JACKSONVILLE BEACH, Fla. – After more than a year of back-and-forth negotiations, the Jacksonville Beach City Council unanimously voted Monday to pass an agreement between the city of Jacksonville Beach and the Volunteer Life Savings Corps.
Since the city council approved the agreement, the Corps will withdraw its lawsuit Tuesday and the volunteer lifeguards can return to their duties at Jacksonville Beach on Memorial Day.
The agreement is a five-year term with an option of a five-year renewal. Under the agreement, the Corps will return to providing services on Sundays and holidays with access to and from the lifeguard station.
City Councilman Cory Nichols said he was disappointed they did not solve this issue sooner.
“I truly believe that there’s not one person on this desk that was ever anti-VLSC or against them,” Nichols said. “I feel like mine was my heart that we want to find a way to get to an agreement that was legal, something that everybody can agree with.”
Since 1912, the Corps has served as volunteer lifeguards in Jacksonville Beach.
A dispute between the Corps and the city began in 2021 when the Department of Labor found the Corps in violation of fair labor laws because the lifeguards were providing free services, while others got paid.
In turn, the city ended its partnership with the volunteers, kicking them out of their lifeguard station.
Mayor Chris Hoffman said it was not an easy process.
“We have to take two organizations that had been really intertwined. You didn’t always know where one ended, and the other began and pull it apart, and then figure out how to put them back together. Really, until we got to the mediation table, we weren’t really ready to do that for a long time,” Hoffman said.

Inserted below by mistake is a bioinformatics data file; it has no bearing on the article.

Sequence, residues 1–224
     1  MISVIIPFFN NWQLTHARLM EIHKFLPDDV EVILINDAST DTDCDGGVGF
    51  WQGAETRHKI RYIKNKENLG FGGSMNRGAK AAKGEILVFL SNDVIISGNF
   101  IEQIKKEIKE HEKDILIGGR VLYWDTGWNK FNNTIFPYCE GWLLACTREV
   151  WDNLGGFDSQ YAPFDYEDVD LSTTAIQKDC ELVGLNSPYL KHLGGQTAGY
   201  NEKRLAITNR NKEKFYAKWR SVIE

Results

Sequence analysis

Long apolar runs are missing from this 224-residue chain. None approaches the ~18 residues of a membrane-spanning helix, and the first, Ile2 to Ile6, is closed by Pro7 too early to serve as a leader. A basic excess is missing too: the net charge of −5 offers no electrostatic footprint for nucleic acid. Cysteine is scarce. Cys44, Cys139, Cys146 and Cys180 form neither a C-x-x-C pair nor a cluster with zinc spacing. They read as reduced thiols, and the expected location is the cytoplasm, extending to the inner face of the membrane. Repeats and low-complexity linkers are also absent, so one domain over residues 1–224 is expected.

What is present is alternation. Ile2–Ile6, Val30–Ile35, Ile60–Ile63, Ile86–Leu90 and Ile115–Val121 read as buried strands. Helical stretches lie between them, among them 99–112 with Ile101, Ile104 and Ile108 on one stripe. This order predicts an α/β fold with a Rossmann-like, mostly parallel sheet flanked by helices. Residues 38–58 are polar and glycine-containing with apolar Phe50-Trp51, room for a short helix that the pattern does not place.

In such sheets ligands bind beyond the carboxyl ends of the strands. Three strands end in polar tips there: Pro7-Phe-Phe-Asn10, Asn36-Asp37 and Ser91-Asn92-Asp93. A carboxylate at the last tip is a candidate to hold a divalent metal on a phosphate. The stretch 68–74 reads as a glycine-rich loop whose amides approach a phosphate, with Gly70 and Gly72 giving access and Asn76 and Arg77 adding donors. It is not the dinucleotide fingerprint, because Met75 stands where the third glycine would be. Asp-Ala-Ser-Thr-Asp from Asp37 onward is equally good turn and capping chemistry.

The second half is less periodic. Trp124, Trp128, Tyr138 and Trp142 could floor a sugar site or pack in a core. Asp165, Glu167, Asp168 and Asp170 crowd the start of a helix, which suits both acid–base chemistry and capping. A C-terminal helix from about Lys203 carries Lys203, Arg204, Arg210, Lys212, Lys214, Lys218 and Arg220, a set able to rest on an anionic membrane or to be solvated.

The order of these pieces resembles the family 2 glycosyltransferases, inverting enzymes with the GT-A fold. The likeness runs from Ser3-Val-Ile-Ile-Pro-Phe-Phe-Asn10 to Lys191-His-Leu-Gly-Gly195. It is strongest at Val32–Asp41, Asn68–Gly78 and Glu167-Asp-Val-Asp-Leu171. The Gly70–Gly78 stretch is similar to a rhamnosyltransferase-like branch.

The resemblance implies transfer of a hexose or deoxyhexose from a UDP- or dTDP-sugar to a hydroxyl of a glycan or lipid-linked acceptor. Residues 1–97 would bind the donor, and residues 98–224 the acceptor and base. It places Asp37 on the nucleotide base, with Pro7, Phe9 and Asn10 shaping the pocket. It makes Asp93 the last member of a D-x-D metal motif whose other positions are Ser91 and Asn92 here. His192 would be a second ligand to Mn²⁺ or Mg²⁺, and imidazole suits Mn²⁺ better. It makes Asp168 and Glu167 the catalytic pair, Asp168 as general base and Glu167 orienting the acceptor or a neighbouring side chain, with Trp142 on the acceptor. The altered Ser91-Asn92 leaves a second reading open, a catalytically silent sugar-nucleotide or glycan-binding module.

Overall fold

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Out of frustration, the Corps filed a lawsuit against the city in April 2022, claiming the city breached its contract with the organization.
After multiple attempts to resolve this, the Corps and the city finally reached an agreement following a mediation meeting on April 11.
VLSC Board of Director President Jim Emery said the agreement was a “very fair deal” and a " great deal for the city.”
Ahead of the vote, the city of Jacksonville Beach-Government shared a post on Facebook sharing a statement from Hoffman, saying, in part:
“It took a lot of time and effort to re-imagine this relationship, and I’m thankful to everyone who rolled up their sleeves to make it happen. This is a new era between the two organizations and with it, a new opportunity to grow and work, together.”
The Corps also took to its Facebook page to thank the community for its support, saying: “We can’t thank you enough for the love and support we have received from our community during these trying times. We CAN’T WAIT to get back on the beach, back in the station at #2 Ocean Front, back to work with JBOR to keep you all safe!”